On the topic of this amendment I would like to make two final points. First, I wish to repeat that this amendment is not legally necessary. There was no oversight in the bill as originally drafted. On the contrary, the legislation was carefully crafted to try to minimize the kind of confusion and concerns that have been expressed by removing reference to defence provisions that are redundant and contained a reverse onus. This is a comfort clause designed to reassure Canadians that defences that used to apply will continue to apply.

As a last point on this issue, I would like to also be clear that the defences referred to in subsection 429(2) do not provide a specialized protection for industry uses of animals. There is still a fair amount of confusion about what these defences mean and how they work, especially the defence of colour of right. I wish here to be clear so that all Canadians understand the scope and reach of the law.

Hunters, farmers, animal researchers and veterinarians do not need to invoke any defences to justify their activities. It is only the wilful, reckless or criminally negligent infliction of pain that is avoidable and unnecessary that amounts to a crime. The government believes that the vast majority of all industry participants take great care to cause no more pain than is required to meet their objectives. Where this is the case, there is no cruelty and there is no crime. The humane use of animals is simply not a crime.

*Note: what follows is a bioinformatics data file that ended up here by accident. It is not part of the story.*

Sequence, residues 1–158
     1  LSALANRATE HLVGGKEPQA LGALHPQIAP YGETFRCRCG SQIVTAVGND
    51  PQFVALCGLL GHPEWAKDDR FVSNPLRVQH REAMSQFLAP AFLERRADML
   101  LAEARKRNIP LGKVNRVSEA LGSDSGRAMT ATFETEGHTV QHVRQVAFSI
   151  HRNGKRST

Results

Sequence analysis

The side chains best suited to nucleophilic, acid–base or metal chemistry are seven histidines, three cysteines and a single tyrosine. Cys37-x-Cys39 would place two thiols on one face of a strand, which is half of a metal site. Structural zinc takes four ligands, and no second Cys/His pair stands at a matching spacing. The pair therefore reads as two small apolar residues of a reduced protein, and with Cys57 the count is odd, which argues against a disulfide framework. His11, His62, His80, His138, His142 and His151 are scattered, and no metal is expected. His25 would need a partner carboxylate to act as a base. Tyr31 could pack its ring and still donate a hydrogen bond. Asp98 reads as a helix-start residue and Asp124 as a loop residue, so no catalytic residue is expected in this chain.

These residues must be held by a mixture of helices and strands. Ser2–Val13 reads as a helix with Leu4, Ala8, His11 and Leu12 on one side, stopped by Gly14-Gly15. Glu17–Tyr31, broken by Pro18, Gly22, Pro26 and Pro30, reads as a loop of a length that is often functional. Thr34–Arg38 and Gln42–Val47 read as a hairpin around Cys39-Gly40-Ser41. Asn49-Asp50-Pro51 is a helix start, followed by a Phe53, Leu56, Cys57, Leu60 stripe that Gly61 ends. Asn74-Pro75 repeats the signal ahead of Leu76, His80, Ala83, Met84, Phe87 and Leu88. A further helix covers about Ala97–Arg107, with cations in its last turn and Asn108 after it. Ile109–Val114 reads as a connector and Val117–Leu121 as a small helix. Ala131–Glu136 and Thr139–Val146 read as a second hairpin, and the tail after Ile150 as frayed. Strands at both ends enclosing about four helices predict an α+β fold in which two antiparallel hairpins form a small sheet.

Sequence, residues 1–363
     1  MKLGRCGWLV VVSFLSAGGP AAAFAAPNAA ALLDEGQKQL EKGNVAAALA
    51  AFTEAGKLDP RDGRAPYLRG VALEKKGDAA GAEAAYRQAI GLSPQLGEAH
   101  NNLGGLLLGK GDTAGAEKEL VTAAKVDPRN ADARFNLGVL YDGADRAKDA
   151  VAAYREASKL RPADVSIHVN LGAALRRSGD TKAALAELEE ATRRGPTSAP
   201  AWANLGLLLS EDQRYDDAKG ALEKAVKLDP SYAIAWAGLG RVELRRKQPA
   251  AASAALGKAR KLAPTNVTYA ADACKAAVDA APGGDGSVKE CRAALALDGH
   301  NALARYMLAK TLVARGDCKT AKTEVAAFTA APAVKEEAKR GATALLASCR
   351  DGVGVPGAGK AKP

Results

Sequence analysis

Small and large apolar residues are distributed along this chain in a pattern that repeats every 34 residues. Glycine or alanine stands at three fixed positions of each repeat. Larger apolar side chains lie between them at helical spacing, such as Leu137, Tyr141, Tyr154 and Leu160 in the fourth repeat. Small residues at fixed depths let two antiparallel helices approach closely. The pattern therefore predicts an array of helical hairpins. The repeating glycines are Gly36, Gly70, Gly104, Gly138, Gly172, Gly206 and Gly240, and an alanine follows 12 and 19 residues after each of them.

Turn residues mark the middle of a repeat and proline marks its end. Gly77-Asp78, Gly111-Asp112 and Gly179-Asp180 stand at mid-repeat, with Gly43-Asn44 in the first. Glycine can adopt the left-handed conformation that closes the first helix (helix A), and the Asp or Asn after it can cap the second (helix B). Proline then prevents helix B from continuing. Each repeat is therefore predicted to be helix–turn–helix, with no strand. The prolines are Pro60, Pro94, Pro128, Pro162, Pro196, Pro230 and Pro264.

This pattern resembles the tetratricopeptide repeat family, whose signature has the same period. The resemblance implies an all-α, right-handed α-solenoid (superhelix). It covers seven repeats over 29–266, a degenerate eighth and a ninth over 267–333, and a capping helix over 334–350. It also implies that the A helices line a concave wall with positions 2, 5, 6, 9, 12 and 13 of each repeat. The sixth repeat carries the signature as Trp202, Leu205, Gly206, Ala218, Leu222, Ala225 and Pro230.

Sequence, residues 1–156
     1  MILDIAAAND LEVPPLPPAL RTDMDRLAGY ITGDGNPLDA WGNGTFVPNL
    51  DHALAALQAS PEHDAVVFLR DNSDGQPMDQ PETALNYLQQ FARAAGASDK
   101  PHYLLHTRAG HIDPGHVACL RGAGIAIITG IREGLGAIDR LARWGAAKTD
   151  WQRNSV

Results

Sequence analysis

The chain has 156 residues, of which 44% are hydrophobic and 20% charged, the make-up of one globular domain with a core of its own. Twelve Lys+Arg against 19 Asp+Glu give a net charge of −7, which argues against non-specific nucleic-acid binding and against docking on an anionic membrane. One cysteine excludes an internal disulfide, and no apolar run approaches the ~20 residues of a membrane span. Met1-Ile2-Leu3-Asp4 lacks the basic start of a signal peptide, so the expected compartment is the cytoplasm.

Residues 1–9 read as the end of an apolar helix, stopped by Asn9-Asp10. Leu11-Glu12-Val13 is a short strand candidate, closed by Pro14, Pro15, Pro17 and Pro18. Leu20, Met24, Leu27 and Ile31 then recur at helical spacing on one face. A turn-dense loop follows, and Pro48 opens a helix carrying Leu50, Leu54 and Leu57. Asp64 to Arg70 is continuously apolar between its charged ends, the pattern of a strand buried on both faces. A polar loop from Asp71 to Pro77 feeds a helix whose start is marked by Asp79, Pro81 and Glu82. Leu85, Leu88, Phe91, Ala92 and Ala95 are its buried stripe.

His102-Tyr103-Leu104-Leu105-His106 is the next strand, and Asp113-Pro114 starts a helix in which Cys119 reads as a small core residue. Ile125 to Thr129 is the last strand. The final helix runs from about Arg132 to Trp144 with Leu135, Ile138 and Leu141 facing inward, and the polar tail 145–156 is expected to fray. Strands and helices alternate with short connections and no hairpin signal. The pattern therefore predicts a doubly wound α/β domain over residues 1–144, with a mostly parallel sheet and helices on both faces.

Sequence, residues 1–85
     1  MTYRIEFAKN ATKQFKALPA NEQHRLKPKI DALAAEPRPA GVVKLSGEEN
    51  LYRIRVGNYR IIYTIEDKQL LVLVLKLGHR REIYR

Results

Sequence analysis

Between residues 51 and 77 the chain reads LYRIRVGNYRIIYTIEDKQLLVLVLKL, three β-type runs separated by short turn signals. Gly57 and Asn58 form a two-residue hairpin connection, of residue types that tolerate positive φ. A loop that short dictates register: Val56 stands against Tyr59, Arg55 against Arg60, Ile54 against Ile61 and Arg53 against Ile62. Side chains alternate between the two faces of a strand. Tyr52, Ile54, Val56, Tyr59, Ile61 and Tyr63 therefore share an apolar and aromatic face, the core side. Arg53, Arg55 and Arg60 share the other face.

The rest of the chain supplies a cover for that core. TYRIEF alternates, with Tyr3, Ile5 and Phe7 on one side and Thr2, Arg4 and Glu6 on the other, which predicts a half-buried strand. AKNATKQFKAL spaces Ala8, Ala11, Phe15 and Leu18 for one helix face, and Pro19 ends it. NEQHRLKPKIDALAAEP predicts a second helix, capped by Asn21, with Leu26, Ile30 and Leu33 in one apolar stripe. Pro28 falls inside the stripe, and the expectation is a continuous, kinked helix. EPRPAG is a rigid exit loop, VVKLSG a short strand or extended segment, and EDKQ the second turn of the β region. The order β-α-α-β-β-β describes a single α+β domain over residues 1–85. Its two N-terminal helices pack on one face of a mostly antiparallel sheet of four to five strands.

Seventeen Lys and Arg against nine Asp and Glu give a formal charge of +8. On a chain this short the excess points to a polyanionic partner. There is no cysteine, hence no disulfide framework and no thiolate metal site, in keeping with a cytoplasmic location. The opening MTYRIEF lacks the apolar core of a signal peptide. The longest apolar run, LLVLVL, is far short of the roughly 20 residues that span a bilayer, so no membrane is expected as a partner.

The Ménard case, the leading case on animal cruelty, makes perfectly clear that in the industry setting, causing only necessary pain is not a crime. However, where more pain than is reasonable or necessary is knowingly caused, these defences do not provide an additional layer of legal protection. Cruelty is cruelty wherever it takes place.

The defences are therefore not needed to shield industry personnel. However these defences may in exceptional circumstances be relevant, for instance, where people cause harm to an animal because the animal was attacking them or their property. Colour of right is simply the excuse of mistake. It could apply, for instance, where people euthanized an animal that they believed to be their pet but which actually was not their pet. These defences have a very limited scope.

The fourth amendment deletes the offence of “killing without a lawful excuse” and adds the notion of “causing unnecessary death” to the offence of causing unnecessary pain or suffering to an animal.

The government opposes this amendment because it is problematic for several reasons. It may be intended to clarify that certain activities, such as hunting and fishing, are lawful but in fact it brings greater uncertainty into the law.

Bill C-10B makes it an offence to kill an animal without lawful excuse. The phrase “without lawful excuse” is well understood in the case law and the Supreme Court has clarified that it is a broad and flexible term to be understood in the context of the offence. It is broad enough to encompass commonly accepted reasons for killing animals such as hunting and euthanasia. This term is currently in the offence of killing kept animals and the courts have not shown any difficulty in interpreting its content or scope.

The amendment would take away the term “without lawful excuse” and instead qualify “killing” by the word “unnecessary”. This is illogical and would lead to confusion. The term “unnecessary” has been judicially interpreted in the context of “pain”. In essence, it means “no more pain than is reasonably necessary taking into account the objective sought”.